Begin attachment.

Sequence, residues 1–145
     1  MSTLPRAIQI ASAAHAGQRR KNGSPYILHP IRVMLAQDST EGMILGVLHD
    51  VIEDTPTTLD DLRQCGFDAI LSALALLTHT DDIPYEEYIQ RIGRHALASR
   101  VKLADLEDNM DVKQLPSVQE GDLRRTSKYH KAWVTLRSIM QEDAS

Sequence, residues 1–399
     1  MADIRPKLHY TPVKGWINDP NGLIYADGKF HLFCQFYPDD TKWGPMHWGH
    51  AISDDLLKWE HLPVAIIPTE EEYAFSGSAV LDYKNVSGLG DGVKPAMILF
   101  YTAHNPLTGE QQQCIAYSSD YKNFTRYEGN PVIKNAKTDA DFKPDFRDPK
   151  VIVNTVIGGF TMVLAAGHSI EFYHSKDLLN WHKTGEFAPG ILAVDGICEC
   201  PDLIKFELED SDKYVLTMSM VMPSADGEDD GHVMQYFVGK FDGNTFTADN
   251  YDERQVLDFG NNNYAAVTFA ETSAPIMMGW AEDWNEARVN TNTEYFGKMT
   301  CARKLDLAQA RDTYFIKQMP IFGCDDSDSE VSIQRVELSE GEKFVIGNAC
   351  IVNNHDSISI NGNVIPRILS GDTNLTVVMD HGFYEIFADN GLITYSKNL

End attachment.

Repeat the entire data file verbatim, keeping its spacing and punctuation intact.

Sequence, residues 1–145
     1  MSTLPRAIQI ASAAHAGQRR KNGSPYILHP IRVMLAQDST EGMILGVLHD
    51  VIEDTPTTLD DLRQCGFDAI LSALALLTHT DDIPYEEYIQ RIGRHALASR
   101  VKLADLEDNM DVKQLPSVQE GDLRRTSKYH KAWVTLRSIM QEDAS

Sequence, residues 1–399
     1  MADIRPKLHY TPVKGWINDP NGLIYADGKF HLFCQFYPDD TKWGPMHWGH
    51  AISDDLLKWE HLPVAIIPTE EEYAFSGSAV LDYKNVSGLG DGVKPAMILF
   101  YTAHNPLTGE QQQCIAYSSD YKNFTRYEGN PVIKNAKTDA DFKPDFRDPK
   151  VIVNTVIGGF TMVLAAGHSI EFYHSKDLLN WHKTGEFAPG ILAVDGICEC
   201  PDLIKFELED SDKYVLTMSM VMPSADGEDD GHVMQYFVGK FDGNTFTADN
   251  YDERQVLDFG NNNYAAVTFA ETSAPIMMGW AEDWNEARVN TNTEYFGKMT
   301  CARKLDLAQA RDTYFIKQMP IFGCDDSDSE VSIQRVELSE GEKFVIGNAC
   351  IVNNHDSISI NGNVIPRILS GDTNLTVVMD HGFYEIFADN GLITYSKNL